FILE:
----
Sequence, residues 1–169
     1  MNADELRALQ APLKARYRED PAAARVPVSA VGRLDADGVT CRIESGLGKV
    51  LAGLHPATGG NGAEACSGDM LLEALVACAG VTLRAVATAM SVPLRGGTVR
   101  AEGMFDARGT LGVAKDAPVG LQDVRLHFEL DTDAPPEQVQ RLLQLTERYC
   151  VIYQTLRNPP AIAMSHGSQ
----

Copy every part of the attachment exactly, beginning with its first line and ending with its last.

Sequence, residues 1–169
     1  MNADELRALQ APLKARYRED PAAARVPVSA VGRLDADGVT CRIESGLGKV
    51  LAGLHPATGG NGAEACSGDM LLEALVACAG VTLRAVATAM SVPLRGGTVR
   101  AEGMFDARGT LGVAKDAPVG LQDVRLHFEL DTDAPPEQVQ RLLQLTERYC
   151  VIYQTLRNPP AIAMSHGSQ